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Federal Election: Katherine Deves Drops Dramatic New Slogan After Surprising Election, Waringah

Rejected Liberal candidate Katherine Deves has adopted an unusual catchphrase in the wake of her election loss: “I am the storm,” which appears to be inspired by a popular social media meme.

The 44-year-old barrister was selected by Scott Morrison to run against independent MP Zali Steggall at the Warringah seat in north Sydney, but her bid for the role collapsed after a number of her deleted transphobic tweets were discovered.

Ms. Deves garnered just 32.4 percent of the first-choice vote during Saturday’s federal election, suffering a swing of minus 6.6 percent.

The swing against her was lower. than the first 39 percent preference vote won in 2019 by former Prime Minister Tony Abbott, who held the seat for 25 years before Steggall unseated him.

However, the mother of three is determined to keep her new profile high, decreeing on Sky News’ Outsiders: ‘I’m not going anywhere.

“I would like to tell my detractors that when they thought I couldn’t weather the storm, I am the storm.”

Katherine Deves appears next to her own campaign poster.  She lost to Independent MP Zali Steggall.

Katherine Deves appears next to her own campaign poster. She lost to Independent MP Zali Steggall.

Ms. Deves repeated the dramatic catchphrase on her Facebook page: “I am the storm.”

Asked for an explanation of her new catchphrase, Ms Deves told Daily Mail Australia: “This is a quote I admire and has always inspired me: “They whispered ‘You can’t withstand the storm’, and she whispers ‘ I am the storm.’

Ms. Deves’ favorite quote appears to be a line from a series of popular memes attributed to an unknown author: ‘Fate whispers to the warrior, ‘you cannot withstand the storm.’ The warrior whispers in response: ‘I am the storm’.

It has been remastered with a feminine emphasis, changing the word ‘warrior’ to ‘her or ‘she’, and is embossed on a wide range of homewares and t-shirts sold on the arts e-commerce website and custom crafts, Etsy.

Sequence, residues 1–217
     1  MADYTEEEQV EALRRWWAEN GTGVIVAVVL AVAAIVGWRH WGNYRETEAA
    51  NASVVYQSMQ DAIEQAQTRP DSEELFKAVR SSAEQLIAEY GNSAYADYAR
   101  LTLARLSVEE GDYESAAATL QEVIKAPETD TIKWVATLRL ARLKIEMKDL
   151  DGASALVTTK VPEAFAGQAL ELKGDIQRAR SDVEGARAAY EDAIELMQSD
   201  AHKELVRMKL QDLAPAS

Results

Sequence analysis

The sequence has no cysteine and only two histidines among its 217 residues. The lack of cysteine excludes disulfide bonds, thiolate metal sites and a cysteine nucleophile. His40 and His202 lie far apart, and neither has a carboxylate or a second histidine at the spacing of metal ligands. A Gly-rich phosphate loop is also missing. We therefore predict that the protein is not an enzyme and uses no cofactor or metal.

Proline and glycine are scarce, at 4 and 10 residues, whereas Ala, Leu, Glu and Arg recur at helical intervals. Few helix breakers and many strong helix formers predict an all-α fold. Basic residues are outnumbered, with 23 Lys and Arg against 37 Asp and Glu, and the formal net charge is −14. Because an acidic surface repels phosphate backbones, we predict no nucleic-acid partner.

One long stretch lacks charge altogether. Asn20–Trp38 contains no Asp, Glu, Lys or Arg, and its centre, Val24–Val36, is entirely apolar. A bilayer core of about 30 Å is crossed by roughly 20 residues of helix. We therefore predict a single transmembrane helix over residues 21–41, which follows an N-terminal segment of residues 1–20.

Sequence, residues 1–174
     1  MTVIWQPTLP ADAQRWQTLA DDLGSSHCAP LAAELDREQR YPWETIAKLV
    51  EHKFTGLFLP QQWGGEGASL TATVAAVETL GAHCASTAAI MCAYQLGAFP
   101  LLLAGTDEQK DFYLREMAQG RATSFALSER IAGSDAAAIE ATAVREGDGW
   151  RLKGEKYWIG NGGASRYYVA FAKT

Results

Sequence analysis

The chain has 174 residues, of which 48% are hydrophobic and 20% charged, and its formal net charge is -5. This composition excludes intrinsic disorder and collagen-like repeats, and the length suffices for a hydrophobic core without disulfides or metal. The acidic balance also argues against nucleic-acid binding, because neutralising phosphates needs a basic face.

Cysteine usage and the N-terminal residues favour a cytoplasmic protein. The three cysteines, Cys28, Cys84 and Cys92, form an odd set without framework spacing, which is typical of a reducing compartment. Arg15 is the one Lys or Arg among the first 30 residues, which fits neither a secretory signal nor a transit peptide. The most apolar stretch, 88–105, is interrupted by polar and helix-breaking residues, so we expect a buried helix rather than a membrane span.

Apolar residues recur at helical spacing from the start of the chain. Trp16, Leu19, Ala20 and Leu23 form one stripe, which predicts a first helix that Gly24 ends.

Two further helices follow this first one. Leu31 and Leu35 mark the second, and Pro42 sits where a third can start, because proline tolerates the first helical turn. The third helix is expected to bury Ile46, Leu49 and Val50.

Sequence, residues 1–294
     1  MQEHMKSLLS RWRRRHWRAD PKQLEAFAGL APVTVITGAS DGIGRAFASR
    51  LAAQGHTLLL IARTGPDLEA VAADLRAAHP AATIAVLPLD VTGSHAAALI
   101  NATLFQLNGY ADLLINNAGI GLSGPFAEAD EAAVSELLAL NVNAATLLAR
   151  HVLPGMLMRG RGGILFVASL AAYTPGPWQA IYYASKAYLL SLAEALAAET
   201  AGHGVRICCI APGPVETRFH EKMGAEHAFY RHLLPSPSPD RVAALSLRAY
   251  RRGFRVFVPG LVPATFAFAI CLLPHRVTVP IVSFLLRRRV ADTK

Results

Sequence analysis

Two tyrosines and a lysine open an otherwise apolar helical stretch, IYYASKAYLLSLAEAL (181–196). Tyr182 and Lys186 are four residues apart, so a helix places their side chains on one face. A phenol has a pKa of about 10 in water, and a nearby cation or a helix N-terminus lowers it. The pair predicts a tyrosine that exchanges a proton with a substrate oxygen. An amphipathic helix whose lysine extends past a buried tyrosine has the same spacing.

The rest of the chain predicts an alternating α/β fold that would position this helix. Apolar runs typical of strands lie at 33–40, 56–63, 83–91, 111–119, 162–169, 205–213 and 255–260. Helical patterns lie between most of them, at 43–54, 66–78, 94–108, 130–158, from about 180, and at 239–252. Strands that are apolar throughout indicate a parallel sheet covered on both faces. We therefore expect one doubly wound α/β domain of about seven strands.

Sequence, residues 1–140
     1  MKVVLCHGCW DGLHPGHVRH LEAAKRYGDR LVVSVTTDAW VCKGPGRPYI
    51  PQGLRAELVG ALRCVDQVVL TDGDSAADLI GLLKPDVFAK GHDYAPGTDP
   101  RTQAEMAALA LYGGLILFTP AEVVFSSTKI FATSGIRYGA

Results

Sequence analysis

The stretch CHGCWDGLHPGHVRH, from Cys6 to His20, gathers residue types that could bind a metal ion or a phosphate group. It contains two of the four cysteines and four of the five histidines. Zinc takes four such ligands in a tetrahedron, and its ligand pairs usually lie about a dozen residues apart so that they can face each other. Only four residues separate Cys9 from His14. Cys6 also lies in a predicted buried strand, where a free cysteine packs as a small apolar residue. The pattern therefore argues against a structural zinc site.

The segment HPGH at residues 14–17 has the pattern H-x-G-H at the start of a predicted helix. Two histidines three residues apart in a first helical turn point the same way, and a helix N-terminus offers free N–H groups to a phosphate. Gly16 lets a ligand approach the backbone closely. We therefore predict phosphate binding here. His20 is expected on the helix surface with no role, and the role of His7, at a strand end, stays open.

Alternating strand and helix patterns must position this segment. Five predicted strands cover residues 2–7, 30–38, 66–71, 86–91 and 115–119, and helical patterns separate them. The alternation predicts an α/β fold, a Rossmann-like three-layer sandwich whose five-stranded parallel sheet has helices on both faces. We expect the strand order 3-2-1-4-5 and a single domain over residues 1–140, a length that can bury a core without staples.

Katherine Deves told Sky News on Sunday (pictured) 'I am the storm' and said she would run for Warringah's seat in the next election.

Katherine Deves told Sky News on Sunday (pictured) ‘I am the storm’ and said she would run for Warringah’s seat in the next election.

'I am the storm' has been the inspiration for many memes, with a distinctly feminine touch (pictured)

‘I am the storm’ has been the inspiration for many memes, with a distinctly feminine touch (pictured)

The phrase appears on mugs and crafts on the popular e-commerce site, Etsy

The phrase is represented on a t-shirt.

The phrase appears on mugs, t-shirts and crafts on popular e-commerce site Etsy

Before the election campaign, Ms. Deves launched a relentless campaign against trans women who compete against biological women in sports competitions.

She used Twitter to make unsubstantiated claims that half the population of transgender women are sex offenders and to compare her Protect Women’s Sport movement to Germans who opposed the Holocaust during World War II.

The aspiring politician also claimed that many trans children and teens are on the autism spectrum, linked cross-dressing to sexual violence and serial killers, and claimed that surrogacy is a “violation of human rights.”

“Women’s bodies are not vehicles for a vanity project,” she previously said in a now-deleted social media post in response to a tweet from Pete Buttigieg, the first openly gay US presidential candidate, who announced the birth of her twin girls, through surrogacy.

Ms. Deves' name was drawn as the fifth candidate on the ballot in April.  She is pictured leaving the Australian Electoral Commission office after the ballot draw.

Ms. Deves’ name was drawn as the fifth candidate on the ballot in April. She is pictured leaving the Australian Electoral Commission office after the ballot draw.

Throughout her unsuccessful campaign, Ms. Deves spent a fair amount of time dodging journalists who tried to ask her where her personal interest in the transgender community and women’s sport came from.

Ms Deves deleted her Twitter account and blocked reporters from her social media accounts, speaking only to SBS, 2GB radio and News Corp about her polarizing beliefs.

When speaking to News Corp in April, Deves apologized for the wording of the tweets.

‘My advocacy for the rights and safety of women and girls is well known, and I stand by my desire to ensure that we protect the safety of women and girls and our entire community.

Mrs Deves shows up at a restaurant on election weekend with her husband David and their three daughters.

Mrs. Deves shows up at a restaurant on election weekend with her husband David and their three daughters.

‘However, the language I used was not acceptable, and for that I apologize.

“My commitment is to continue to listen to the views of people in Warringah and the wider community, and I will do so in a respectful manner.”

Her apology prompted her opponents to hammer her with vile insults.

Speaking to Sky News on Sunday, Ms Deves partly blamed her election defeat on “leftist media”.

She accused the Liberal Party of silencing her for fear of the ‘lovey-left press’ and the ‘Twitterati’.

“I wanted to make my daughters proud, I wanted to stand up for the people of Australia who were asking me to move on.”

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